For years the business world promoted the mantra, "Do it now." The idea is a nuclear attack on procrastinators who may be busy, but they are merely catching up. This is usually the result of putting the doing of things off until things get better.
In his latest book, Saying It Well Chuck Swindoll gives this bit of advice for achieving above average with less pressure: "If you can get it done now, do it; the future comes with no guarantee you'll have the time or opportunities available to you today."
Chucks advice is one reason experienced supervisors give assignments with an expected completion date. If you are in any leadership position, including family, learning to be your own supervisor should be the order of the day. I have little claim to fame, a larger one to infamy, but I decided around 38 years ago, following a major life crash, to never again lay my head upon a pillow on Saturday night wondering, "What on am I going to preach tomorrow?"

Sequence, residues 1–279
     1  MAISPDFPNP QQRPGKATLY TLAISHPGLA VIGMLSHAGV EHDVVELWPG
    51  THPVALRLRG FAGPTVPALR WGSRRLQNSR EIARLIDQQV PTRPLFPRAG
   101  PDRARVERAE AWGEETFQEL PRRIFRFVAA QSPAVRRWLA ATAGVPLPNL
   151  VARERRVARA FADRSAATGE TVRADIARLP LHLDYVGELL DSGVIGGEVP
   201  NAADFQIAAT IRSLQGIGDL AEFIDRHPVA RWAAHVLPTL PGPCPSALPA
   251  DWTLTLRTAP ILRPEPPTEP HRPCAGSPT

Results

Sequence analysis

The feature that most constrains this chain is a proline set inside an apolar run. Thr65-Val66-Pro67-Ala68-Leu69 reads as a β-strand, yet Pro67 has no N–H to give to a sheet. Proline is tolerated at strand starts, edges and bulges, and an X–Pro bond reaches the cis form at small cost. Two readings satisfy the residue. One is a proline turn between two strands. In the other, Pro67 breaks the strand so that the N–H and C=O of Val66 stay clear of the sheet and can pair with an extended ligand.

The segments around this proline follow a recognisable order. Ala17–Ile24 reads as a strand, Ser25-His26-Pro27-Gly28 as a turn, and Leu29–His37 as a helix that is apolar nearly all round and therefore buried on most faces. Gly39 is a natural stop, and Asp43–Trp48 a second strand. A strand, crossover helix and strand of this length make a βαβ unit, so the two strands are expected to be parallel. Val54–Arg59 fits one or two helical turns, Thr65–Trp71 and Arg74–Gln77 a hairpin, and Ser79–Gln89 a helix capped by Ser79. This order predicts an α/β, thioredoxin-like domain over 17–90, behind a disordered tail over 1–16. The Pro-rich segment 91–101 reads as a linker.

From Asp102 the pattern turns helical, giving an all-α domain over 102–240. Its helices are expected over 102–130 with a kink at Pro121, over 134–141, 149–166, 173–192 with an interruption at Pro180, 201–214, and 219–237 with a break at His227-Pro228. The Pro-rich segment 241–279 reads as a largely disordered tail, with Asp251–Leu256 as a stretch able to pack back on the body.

The principle: Get the important done first the minutia later and that only if you cannot delegate it. Count the organized men God used in scripture verses those with poor work habits and the difference is dramatic.
Christ in John 9:4 "I must work the works of him that sent me, while it is day: the night cometh, when no man can work."